Democratic presidential candidate Andrew Yang announced during the Democratic debate that he will be giving ten lucky families $1,000 per month for a year.

“I’m going to do something unprecedented tonight,” Yang said in his opening statement. “My campaign will now give a freedom dividend of $1,000 a month for an entire year to 10 American families – someone watching this at home right now. If you believe that you can solve your own problems better than any politician go to and tell us how $1,000 a month will do just that.”

Yang’s campaign centers on Freedom Dividends, his proposed plan for universal basic income. His system would entitle any American 18 years or older to $1000 per month.


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Though the campaign stunt will generate publicity and increase traffic to his website, it will also provide an opportunity to demonstrate the Freedom Dividend in action.

In an interview with NPR’s Politics Podcast in August, Yang had mentioned the idea saying, “I think most Americans would love to participate in an experiment where they got a thousand dollars a month for a year, and the only regret is that it stops after a year, which is something that we can change as a people if we all decide to do so together and pass the Freedom Dividend.”

At this point, he was paying out-of-pocket to test the Freedom Dividend with three families. The additional $120k he is giving out will be financed by his campaign.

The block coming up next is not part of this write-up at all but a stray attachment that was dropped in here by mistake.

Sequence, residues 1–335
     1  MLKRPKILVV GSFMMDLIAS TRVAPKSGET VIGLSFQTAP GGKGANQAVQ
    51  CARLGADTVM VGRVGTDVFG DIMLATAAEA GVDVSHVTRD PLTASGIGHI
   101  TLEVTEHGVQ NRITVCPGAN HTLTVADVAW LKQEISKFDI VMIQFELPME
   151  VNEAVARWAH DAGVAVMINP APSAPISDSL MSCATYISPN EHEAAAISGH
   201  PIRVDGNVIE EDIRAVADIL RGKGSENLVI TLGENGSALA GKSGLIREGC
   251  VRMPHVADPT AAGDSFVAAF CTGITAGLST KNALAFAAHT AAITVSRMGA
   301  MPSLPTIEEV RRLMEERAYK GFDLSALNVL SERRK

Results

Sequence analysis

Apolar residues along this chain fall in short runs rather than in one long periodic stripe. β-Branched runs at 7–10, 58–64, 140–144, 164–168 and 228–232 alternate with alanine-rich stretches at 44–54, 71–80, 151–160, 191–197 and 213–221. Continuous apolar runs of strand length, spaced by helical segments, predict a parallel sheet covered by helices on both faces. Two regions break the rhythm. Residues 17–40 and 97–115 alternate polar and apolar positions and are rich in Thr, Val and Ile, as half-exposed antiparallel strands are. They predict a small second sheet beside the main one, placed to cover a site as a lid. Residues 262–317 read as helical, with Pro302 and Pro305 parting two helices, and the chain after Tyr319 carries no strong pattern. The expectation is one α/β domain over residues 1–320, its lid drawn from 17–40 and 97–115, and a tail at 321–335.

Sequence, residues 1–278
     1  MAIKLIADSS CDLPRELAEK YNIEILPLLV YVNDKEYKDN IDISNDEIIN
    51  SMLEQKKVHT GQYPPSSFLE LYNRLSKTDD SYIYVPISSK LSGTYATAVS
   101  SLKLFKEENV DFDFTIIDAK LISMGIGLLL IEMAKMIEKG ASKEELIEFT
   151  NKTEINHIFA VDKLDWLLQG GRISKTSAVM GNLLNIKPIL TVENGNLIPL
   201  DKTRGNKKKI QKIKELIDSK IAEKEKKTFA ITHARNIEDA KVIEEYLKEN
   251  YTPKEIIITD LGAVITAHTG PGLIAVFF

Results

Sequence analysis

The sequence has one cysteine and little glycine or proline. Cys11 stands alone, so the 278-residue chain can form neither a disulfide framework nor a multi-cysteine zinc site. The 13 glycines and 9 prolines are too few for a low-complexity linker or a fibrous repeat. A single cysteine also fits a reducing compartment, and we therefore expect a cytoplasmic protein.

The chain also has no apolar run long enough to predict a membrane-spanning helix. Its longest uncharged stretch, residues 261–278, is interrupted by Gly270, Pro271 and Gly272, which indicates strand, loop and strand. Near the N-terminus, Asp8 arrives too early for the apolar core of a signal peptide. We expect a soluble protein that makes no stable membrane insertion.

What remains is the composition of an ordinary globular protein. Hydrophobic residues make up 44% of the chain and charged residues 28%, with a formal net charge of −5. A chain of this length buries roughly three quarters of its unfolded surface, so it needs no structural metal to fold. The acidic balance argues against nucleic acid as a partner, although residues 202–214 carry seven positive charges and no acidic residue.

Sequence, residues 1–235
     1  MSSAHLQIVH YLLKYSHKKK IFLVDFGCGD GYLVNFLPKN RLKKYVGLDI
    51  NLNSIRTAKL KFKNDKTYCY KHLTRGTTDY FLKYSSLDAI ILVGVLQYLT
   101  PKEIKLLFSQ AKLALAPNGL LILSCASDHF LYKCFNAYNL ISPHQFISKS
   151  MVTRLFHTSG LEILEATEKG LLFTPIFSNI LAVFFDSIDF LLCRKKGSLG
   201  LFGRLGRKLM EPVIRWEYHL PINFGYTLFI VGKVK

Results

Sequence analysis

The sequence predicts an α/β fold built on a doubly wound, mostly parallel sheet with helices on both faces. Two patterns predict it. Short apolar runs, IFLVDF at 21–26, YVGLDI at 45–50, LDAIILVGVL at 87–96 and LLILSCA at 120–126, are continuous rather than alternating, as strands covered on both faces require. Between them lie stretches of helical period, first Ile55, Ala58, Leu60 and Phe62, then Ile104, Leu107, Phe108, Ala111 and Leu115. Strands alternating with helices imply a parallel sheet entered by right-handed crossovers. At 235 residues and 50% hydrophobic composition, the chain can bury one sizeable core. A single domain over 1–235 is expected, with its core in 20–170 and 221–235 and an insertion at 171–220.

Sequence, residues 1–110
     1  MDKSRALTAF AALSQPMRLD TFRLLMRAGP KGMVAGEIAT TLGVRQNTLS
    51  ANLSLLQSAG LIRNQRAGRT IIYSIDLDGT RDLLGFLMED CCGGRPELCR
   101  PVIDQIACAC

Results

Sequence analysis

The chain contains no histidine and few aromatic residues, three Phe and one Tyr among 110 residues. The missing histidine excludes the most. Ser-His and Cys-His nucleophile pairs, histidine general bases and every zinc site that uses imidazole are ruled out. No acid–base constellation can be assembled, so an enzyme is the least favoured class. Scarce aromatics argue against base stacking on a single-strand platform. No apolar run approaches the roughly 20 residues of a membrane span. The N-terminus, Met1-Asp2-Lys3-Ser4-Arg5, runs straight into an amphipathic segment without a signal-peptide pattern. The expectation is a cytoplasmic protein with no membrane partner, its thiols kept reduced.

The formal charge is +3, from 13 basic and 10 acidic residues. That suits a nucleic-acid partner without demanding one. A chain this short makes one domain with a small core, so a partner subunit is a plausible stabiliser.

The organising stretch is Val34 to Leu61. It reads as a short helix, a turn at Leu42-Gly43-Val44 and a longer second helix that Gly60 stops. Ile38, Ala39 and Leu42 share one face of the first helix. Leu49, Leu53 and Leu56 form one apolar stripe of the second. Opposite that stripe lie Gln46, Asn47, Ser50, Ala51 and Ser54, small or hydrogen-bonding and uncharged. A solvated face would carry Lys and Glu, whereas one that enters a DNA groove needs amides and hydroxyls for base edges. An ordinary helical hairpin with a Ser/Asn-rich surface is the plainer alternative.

Though Yang claims he first consulted the Federal Election Commission to confirm the legality of the move, it has raised eyebrows among the legal community.

Under FEC regulations, candidates may not use campaign money for “personal use,” or expenses that would exist regardless of whether the campaign existed.

“Handing out money to individuals for their own personal use would seem to be a violation of campaign-finance law,” former FEC attorney Erin Chlopak said in an interview with Time. “It’s hard for me to envision how taking campaign funds and just handing it out to individuals would not violate the personal use prohibition.”

His campaign argued that the $120k expense would not exist without his candidacy as therefore does not violate the “personal use” clause.

Yang has also denied that this is a means of buying votes, using one recipient of his personally financed Freedom Dividends as an example.

“Well, there’s no obligation for anyone who’s receiving the money, and the person in Florida, there’s a chance that she may never vote for me,” he said in the NPR interview. “So it’s not a bribe in any sense because it’s a gift of a thousand dollars a month, and people can do whatever they want.”

Fast Company called Yang’s announcement “possibly the best email-collection scheme ever devised by a politician.” Those wishing to enter are required to submit their name, email and zip code.

The privacy policy on the campaign website confirms that this information will be stored stating that, “we collect any information you provide when you update your user account and profile (“User Account”); participate in contests, surveys, and other promotions; and sign up to receive newsletters and other communications.”

The policy also says that the saved information may be used to send Yang promotional emails, notifications about promotions and events, as well as location-tailored content.

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